Mary Hays (1759-1843)

Mary Hays (1759–1843) was a novelist, best known for her belief in radical feminism and her provocative history of women. She was born in 1759, into a family of Protestants who rejected the practices of the Church of England. Hays was described as 'the baldest disciple of [Mary] Wollstonecraft', attacked as an 'unsex'd female', and provoked controversy through her long life with her rebellious writings . When Hays's young lover died on the eve of their marriage, Hays expected to die of grief herself, but realised that she could now escape an ordinary future as wife and mother. She seized the chance to make a career for herself in the larger world as a writer.

Hays was influenced by Mary Wollstonecraft's A Vindication of the Rights of Woman, and eventually the two women became friends. The anti-feminist backlash following Wollstonecraft's death and posthumous publication of her Memoirs seemed to affect Hays' later, more conservative work, including the six-volume compendium Female Biography: or Memoirs of Illustrious and Celebrated Women of All Ages and Countries, in which Wollstonecraft is not mentioned. Much like Wollstonecraft, Hays and her writing received little critical evaluation or academic attention until the twentieth-century's emerging feminist movement.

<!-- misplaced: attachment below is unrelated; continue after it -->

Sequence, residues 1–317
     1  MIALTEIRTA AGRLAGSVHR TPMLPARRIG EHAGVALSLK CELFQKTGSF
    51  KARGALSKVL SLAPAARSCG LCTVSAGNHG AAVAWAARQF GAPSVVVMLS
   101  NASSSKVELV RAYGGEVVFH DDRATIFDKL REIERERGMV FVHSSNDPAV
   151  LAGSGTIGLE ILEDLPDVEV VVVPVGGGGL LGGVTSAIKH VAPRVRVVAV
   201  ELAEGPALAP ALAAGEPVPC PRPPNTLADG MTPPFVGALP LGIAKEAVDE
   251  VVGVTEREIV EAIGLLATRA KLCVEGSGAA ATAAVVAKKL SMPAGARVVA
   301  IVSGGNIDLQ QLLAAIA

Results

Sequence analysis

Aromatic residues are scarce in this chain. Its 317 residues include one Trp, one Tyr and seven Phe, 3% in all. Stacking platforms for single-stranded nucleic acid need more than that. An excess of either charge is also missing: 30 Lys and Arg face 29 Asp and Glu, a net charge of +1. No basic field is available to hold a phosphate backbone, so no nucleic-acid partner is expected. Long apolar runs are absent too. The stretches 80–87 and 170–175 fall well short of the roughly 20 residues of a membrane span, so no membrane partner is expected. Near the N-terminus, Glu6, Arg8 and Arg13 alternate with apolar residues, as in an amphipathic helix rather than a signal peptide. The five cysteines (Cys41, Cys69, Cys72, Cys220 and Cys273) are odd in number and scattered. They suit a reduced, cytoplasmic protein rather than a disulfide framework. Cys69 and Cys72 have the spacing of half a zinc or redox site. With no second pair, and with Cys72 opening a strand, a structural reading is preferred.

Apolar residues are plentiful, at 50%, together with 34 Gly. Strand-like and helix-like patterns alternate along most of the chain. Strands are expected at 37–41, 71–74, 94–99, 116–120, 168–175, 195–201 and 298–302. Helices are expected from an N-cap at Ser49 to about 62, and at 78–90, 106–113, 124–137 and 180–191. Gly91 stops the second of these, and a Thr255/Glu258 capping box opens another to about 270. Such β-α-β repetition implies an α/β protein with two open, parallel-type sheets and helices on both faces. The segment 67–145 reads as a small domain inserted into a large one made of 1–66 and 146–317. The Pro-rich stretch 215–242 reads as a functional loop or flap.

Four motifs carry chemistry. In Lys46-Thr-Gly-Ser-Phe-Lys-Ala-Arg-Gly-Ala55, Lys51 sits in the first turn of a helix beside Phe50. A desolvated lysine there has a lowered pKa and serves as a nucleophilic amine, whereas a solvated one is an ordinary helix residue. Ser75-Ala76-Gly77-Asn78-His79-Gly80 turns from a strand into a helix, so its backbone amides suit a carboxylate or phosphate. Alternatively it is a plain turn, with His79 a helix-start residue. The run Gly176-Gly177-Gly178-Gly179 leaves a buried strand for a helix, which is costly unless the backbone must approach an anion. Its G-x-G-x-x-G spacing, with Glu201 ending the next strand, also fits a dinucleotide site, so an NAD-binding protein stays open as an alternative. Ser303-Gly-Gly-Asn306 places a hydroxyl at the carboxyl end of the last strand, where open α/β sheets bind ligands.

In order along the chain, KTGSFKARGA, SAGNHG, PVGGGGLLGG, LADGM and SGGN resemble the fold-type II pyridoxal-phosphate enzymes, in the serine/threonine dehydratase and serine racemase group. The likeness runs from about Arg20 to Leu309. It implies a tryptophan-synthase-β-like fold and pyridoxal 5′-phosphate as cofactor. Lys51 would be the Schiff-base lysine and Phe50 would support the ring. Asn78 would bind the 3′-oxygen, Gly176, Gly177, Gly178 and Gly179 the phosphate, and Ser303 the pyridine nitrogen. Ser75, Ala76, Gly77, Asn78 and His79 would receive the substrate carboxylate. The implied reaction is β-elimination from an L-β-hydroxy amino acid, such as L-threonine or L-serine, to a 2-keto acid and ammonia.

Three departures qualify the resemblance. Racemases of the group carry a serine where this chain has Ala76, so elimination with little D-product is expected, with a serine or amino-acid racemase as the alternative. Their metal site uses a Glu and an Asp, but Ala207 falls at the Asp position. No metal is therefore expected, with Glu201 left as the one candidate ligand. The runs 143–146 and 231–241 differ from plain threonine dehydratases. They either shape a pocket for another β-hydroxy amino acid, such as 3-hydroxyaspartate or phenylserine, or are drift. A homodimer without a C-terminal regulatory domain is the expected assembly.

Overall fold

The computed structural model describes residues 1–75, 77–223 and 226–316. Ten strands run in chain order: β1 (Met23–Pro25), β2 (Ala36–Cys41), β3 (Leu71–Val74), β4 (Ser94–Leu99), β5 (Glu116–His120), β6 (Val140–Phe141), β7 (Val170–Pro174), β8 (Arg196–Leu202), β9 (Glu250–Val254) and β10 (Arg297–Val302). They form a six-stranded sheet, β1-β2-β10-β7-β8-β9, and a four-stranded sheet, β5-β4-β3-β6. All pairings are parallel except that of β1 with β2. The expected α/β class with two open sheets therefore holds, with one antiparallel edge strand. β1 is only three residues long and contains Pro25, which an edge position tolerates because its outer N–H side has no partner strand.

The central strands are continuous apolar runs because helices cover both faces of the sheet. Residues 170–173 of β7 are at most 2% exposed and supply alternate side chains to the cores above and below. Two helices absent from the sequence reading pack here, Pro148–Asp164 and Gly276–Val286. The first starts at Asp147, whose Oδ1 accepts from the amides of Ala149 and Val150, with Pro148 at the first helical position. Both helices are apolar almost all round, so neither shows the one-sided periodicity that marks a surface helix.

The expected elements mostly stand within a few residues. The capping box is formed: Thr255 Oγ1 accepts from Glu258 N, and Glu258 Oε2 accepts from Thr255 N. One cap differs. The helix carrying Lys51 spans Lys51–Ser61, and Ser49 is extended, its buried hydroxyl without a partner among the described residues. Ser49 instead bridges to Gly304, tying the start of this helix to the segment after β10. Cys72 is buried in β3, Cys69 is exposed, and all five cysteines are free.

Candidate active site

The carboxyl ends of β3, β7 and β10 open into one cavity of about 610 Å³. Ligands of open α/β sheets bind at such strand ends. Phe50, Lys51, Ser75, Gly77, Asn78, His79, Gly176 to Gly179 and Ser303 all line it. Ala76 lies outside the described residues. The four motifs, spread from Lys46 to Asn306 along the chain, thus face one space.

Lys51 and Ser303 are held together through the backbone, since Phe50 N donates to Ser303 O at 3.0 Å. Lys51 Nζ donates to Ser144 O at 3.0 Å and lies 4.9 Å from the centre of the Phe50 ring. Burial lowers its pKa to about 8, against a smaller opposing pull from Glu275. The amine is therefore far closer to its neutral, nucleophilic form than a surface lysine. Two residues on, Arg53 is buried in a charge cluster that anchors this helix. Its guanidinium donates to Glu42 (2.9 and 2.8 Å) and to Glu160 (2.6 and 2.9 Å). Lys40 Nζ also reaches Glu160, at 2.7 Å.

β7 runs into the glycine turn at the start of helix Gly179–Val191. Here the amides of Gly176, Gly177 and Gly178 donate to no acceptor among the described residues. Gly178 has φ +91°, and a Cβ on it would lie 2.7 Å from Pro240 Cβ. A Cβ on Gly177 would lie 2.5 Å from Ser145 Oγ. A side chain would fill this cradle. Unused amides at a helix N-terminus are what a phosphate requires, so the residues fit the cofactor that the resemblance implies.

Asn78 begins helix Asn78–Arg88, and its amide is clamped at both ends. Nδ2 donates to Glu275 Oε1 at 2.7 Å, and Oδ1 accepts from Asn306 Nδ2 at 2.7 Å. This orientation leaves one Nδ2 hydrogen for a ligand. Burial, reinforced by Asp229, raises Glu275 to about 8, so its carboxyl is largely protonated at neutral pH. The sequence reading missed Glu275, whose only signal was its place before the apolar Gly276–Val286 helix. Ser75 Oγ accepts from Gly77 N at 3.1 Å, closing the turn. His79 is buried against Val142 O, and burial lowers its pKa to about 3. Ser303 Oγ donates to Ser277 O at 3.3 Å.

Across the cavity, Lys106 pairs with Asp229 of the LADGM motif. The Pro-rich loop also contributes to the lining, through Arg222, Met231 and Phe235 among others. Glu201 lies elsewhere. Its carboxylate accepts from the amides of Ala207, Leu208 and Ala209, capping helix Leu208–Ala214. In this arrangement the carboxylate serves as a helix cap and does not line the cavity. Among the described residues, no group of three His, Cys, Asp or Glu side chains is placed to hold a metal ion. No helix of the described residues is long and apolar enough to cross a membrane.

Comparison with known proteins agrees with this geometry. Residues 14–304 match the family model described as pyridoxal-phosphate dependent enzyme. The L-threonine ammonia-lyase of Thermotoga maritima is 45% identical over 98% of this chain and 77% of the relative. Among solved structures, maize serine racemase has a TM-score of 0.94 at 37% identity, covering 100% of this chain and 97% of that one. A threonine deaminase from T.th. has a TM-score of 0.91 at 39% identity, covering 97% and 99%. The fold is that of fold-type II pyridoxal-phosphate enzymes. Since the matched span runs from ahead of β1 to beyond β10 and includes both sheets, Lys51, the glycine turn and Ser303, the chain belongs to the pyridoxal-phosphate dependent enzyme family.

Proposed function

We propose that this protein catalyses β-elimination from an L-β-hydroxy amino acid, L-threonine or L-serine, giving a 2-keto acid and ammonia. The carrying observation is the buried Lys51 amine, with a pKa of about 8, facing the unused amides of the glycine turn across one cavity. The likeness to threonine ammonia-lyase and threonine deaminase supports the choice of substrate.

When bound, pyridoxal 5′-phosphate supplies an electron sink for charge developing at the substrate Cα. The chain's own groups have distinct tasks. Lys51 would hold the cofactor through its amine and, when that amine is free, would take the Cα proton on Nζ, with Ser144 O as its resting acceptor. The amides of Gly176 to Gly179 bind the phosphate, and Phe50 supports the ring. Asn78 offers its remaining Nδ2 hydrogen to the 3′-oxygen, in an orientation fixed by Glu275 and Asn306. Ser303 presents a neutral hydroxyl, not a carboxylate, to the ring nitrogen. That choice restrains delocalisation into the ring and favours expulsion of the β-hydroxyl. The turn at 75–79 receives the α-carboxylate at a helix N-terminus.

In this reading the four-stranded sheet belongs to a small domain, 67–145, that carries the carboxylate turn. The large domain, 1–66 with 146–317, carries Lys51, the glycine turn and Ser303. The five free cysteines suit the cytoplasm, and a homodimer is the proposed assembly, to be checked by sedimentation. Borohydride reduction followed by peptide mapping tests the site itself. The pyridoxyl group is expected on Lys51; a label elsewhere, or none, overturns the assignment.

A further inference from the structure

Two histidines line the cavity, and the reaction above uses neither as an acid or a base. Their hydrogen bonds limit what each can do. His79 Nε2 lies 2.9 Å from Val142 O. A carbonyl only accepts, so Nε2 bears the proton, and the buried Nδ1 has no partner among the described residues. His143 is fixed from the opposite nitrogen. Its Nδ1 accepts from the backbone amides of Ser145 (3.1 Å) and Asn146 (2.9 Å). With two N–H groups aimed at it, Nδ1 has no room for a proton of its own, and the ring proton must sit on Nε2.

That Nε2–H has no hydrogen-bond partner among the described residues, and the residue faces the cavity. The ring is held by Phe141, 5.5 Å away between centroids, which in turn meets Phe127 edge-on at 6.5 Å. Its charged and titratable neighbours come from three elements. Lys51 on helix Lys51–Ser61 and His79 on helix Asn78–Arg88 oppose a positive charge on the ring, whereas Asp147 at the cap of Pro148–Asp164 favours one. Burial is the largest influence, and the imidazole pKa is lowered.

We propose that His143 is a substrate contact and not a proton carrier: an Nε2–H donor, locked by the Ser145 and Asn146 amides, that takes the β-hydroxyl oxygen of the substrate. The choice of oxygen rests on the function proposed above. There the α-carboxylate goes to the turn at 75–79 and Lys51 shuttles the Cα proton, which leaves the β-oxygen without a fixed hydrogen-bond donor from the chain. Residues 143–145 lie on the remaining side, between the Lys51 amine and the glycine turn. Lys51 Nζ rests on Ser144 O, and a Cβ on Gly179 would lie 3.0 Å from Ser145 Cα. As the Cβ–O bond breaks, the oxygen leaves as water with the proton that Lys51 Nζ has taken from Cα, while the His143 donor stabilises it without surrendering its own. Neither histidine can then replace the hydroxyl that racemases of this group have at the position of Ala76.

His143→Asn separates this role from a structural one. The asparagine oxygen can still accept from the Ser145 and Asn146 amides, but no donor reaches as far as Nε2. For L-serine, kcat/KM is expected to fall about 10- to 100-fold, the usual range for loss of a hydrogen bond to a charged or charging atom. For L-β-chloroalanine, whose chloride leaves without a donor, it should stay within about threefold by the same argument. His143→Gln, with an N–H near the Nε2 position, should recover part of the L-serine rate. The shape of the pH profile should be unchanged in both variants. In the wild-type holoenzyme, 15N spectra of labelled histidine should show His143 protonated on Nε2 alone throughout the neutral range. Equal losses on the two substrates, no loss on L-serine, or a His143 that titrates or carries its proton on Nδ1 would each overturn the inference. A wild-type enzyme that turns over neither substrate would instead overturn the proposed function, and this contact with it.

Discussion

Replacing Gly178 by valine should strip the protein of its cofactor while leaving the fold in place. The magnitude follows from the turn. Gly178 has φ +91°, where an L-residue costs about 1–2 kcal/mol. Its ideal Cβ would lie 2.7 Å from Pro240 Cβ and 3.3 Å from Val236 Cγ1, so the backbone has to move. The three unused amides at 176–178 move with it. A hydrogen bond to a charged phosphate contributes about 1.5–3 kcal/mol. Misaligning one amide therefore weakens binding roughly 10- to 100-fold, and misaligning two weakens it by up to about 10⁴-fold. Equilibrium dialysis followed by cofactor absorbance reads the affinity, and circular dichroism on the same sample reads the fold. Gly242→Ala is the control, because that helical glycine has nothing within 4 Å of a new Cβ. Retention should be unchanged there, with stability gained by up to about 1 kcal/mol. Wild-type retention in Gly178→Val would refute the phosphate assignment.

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Circulation records from 1793-1799 are lost.
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As classified in the 1813 Library Catalog.

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